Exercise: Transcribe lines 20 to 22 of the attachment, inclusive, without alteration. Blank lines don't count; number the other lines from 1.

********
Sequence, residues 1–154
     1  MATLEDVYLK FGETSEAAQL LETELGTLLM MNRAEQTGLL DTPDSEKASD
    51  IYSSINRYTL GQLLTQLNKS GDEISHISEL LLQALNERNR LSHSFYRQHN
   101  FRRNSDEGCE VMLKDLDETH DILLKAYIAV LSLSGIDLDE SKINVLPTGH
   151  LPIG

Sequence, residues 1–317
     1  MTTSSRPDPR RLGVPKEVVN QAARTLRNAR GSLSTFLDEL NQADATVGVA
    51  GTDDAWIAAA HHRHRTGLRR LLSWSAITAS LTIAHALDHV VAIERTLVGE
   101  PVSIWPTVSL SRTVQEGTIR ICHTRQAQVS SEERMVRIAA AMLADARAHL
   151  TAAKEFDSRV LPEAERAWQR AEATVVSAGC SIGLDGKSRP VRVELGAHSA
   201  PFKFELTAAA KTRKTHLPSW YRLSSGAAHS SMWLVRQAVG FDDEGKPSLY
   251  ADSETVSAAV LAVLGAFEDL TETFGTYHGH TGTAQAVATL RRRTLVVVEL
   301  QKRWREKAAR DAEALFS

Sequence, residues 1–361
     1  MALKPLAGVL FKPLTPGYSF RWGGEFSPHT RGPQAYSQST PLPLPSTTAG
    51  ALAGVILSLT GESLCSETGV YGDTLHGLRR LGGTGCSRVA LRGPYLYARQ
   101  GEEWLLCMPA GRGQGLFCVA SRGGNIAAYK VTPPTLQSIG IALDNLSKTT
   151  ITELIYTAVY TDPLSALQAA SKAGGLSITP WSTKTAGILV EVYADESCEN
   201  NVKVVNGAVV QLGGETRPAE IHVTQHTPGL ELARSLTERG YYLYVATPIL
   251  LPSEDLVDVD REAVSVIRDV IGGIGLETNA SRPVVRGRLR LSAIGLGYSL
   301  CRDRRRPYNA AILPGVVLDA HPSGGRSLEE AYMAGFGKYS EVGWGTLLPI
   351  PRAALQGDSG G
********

   251  LPSEDLVDVD REAVSVIRDV IGGIGLETNA SRPVVRGRLR LSAIGLGYSL
   301  CRDRRRPYNA AILPGVVLDA HPSGGRSLEE AYMAGFGKYS EVGWGTLLPI
   351  PRAALQGDSG G